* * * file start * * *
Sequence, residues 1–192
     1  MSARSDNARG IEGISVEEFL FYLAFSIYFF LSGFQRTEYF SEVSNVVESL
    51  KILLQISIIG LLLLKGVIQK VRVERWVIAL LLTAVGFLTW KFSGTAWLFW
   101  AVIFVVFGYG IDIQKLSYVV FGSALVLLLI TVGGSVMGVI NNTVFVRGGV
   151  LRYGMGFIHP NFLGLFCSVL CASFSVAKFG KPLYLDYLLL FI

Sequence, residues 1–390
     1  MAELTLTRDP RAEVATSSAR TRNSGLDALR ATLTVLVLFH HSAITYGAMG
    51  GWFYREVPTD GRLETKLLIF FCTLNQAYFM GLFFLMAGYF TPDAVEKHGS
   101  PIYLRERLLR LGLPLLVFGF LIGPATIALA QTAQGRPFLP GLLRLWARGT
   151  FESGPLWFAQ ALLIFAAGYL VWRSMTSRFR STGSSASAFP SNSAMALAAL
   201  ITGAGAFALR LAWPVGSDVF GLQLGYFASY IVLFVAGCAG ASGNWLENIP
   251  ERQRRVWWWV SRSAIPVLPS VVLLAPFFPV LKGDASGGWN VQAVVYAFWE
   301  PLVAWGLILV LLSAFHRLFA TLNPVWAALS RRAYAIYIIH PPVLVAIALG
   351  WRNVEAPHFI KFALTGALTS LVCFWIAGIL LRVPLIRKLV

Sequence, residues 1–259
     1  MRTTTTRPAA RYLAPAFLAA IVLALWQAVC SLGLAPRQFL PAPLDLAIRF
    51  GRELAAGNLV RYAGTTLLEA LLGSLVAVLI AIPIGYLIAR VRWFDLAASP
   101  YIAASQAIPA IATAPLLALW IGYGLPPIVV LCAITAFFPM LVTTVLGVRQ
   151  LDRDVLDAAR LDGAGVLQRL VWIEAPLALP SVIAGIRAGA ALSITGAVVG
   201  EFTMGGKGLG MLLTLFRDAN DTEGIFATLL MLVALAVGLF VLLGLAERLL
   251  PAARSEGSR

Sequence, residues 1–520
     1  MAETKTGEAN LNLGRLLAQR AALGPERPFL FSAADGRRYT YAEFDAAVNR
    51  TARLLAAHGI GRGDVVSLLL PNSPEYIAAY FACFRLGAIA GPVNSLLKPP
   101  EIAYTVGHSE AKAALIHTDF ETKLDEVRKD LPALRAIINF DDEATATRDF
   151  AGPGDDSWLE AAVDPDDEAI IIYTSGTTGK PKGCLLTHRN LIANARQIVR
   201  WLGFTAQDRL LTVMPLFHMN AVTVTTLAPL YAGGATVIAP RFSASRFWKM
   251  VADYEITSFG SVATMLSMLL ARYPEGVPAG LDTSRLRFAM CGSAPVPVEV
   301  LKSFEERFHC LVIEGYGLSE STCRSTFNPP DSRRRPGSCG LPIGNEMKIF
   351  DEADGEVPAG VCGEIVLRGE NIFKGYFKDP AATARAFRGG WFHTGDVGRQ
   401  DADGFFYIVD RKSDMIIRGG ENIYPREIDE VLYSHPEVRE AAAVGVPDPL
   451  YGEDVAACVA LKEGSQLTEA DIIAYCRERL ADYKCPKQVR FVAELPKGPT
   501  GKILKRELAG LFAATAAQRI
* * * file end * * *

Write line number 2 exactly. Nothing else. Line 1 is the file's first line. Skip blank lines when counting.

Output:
     1  MSARSDNARG IEGISVEEFL FYLAFSIYFF LSGFQRTEYF SEVSNVVESL